Levitra

 
What is Levitra and why is it prescribed?
Levitra relaxes muscles within the penis. This allows increased blood flow into the penis which is necessary to achieve and maintain an erection. Levitra is used to treat erectile dysfunction (impotence). Do not take Levitra if you are taking any of the following medicines: a nitrate such as nitroglycerin (Nitrostat, Nitrolingual, Nitro-Dur, Nitro-Bid, Minitran, Deponit, Transderm-Nitro, others), isosorbide dinitrate (Dilatrate-SR, Isordil, Sorbitrate), isosorbide mononitrate (Imdur, ISMO, Monoket), and others; a recreational drug such as amyl nitrate or nitrite ("poppers"); or an alpha blocker such as doxazosin (Cardura), guanadrel (Hylorel), prazosin (Minipress), terazosin (Hytrin), alfuzosin (Uroxatral), tamsulosin (Flomax), and others. Taking Levitra with any of these medications may cause very low blood pressure, possibly resulting in dizziness, fainting, stroke, or heart attack. Contact your doctor or seek emergency medical attention for any erection that lasts longer than 4 hours. A sustained erection can damage the penis. Refrain from further sexual activity and notify your doctor it you develop dizziness, nausea, or angina (pain, tightness, discomfort, numbness, or tingling in the chest, arms, neck, or jaw) during sexual activity. Do not take Levitra more than once a day. In some cases, use of Levitra may be restricted to once every 72 hours (3 days).

How should you take Levitra?
Follow your doctors directions for taking Levitra. Take each dose with a full glass of water. Levitra can be taken with or without food. Levitra is usually taken when needed. Generally, it is taken about 1 hour before sexual activity. Levitra can help achieve an erection when sexual stimulation occurs. An erection will not occur just by taking a pill. Levitra should not be taken with grapefruit or grapefruit juice. Levitra can interact with grapefruit and grapefruit juice, and the interaction may have dangerous effects. You should discuss the use of grapefruit and grapefruit juice with your doctor. Do not take Levitra more than once a day. In some cases, use of Levitra may be restricted to once every 72 hours. Follow your doctor's instructions. If you develop dizziness, nausea, or angina (pain, tightness, discomfort, numbness, or tingling in the chest, arms, neck, or jaw) during sexual activity, refrain from further sexual activity and notify your doctor. Contact your doctor or seek emergency medical attention for any erection that lasts longer than 4 hours. A sustained erection can damage the penis. Levitra is used as needed, so you are not likely to miss a dose. Store Levitra at room temperature away from moisture and heat.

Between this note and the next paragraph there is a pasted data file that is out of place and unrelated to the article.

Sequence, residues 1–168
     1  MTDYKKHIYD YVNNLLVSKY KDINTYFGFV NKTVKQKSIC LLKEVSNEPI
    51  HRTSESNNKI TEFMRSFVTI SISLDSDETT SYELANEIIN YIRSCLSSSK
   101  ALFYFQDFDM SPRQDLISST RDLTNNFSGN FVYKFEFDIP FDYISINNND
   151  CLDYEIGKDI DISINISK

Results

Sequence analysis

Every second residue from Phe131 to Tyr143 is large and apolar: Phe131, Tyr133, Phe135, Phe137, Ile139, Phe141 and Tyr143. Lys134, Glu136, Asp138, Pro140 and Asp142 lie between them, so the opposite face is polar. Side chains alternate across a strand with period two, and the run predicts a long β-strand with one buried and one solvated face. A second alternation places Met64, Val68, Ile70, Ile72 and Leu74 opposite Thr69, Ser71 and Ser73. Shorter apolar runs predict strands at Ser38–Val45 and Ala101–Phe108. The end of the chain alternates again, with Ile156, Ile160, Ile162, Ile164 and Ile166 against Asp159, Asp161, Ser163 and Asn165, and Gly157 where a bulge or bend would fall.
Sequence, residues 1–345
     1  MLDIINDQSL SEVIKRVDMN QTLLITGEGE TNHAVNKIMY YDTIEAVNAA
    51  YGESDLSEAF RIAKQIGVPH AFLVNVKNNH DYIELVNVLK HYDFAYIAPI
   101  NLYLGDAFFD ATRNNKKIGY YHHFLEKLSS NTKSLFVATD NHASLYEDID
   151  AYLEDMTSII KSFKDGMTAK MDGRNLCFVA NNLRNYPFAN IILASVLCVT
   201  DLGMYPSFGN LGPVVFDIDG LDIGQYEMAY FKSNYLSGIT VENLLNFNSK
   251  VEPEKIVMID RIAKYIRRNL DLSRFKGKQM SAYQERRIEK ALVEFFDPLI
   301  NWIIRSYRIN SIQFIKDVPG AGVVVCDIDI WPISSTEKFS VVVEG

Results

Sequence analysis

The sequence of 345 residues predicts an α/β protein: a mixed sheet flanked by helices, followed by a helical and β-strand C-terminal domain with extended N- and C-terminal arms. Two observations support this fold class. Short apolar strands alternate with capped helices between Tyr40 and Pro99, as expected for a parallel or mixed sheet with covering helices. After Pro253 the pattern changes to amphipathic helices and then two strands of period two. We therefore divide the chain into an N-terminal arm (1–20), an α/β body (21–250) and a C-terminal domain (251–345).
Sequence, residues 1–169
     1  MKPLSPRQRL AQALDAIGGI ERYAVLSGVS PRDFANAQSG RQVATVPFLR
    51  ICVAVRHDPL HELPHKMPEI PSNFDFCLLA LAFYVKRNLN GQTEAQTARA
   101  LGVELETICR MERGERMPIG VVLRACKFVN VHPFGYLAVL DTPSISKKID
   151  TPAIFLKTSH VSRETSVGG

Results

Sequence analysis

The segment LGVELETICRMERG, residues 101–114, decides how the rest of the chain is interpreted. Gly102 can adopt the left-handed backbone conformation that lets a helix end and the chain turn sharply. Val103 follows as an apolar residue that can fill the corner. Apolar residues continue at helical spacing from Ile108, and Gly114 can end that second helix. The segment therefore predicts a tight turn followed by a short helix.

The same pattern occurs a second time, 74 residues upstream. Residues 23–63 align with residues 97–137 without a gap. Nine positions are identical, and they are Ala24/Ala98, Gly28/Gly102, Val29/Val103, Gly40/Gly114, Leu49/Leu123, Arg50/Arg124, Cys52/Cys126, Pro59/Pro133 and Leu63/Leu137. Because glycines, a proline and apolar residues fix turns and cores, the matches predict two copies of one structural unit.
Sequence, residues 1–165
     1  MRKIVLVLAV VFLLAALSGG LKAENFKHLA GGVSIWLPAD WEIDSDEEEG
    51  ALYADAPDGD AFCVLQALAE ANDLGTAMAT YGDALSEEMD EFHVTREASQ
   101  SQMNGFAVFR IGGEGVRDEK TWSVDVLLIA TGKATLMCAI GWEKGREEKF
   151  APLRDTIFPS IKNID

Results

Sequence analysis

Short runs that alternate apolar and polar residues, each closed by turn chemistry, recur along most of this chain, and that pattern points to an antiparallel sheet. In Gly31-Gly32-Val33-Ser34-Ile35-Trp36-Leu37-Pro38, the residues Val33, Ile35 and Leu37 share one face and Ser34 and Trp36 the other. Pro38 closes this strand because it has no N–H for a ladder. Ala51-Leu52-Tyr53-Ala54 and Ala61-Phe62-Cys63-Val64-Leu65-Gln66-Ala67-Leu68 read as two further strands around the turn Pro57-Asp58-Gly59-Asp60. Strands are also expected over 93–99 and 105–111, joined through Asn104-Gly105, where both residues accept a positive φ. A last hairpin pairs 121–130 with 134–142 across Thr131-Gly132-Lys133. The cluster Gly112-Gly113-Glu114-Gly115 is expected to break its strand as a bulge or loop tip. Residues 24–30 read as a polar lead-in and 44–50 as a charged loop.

Are there any Levitra side effects?
Levitra side effects cannot be anticipated. If any develop or change in intensity, inform your doctor as soon as possible. More common Levitra side effects may include flushing, mild dizziness, headache, nasal congestion, stomach upset, sensitivity of the eyes to light, and temporary blue tint in vision or other vision abnormalities. Less common to rare Levitra side effects may include an allergic reaction (difficulty breathing; closing of the throat; swelling of the lips, tongue, or face; or hives), chest pain or an irregular heartbeats, swelling of the ankles or legs, shortness of breath, prolonged or severe dizziness, fainting, a prolonged (lasting longer than 4 hours) or painful erection, dizziness, nausea, or angina (pain, tightness, discomfort, numbness, or tingling in the chest, arms, neck, or jaw), and back pain.

What are the possible food and drug interactions when taking Levitra?
If Levitra is taken with certain other drugs, the effects of either could be increased, decreased, or altered. Be sure to inform your doctor of all the prescription and over the counter medications you are taking. Do not take Levitra if you are taking any of the following medicines: a nitrate such as nitroglycerin (Nitrostat, Nitrolingual, Nitro-Dur, Nitro-Bid, Minitran, Deponit, Transderm-Nitro, others), isosorbide dinitrate (Dilatrate-SR, Isordil, Sorbitrate), isosorbide mononitrate (Imdur, ISMO, Monoket), and others; a recreational drug such as amyl nitrate or nitrite ("poppers"); or an alpha blocker such as doxazosin (Cardura), guanadrel (Hylorel), prazosin (Minipress), terazosin (Hytrin), alfuzosin (Uroxatral), tamsulosin (Flomax), and others. Taking Levitra with any of these medications may cause very low blood pressure, possibly resulting in dizziness, fainting, stroke, or heart attack. Before taking Levitra, tell your doctor if you are taking any of the following medications: any other drug used to treat impotence, such as alprostadil (Caverject, Muse, Edex) or yohimbine (Yocon, Yodoxin, others); the antibiotic drug erythromycin (E-Mycin, Eryc, Ery-Tab, others); an antifungal medication such as itraconazole (Sporanox) or ketoconazole (Nizoral); a medication used to treat irregular heartbeats such as quinidine (Quinaglute, Quinidex, Quin-Release), procainamide (Procan SR, Procanbid, Pronestyl), amiodarone (Cordarone, Pacerone), or sotalol (Betapace, Sorine); or the HIV medications indinavir (Crixivan) or ritonavir (Norvir). You may not be able to take Levitra, or you may require a dosage adjustment or special monitoring during treatment if you are taking any of the medicines listed above. Drugs other than those listed here may also interact with Levitra or affect your condition.

Are there any special warnings about Levitra?
Do not take any other drug used to treat impotence, such as alprostadil (Caverject, Muse, Edex) or yohimbine (Yocon, Yodoxin, others), without first talking to your doctor. Levitra should not be taken with grapefruit or grapefruit juice. Levitra can interact with grapefruit and grapefruit juice, and the interaction may have dangerous effects. You should discuss the use of grapefruit and grapefruit juice with your doctor.
 

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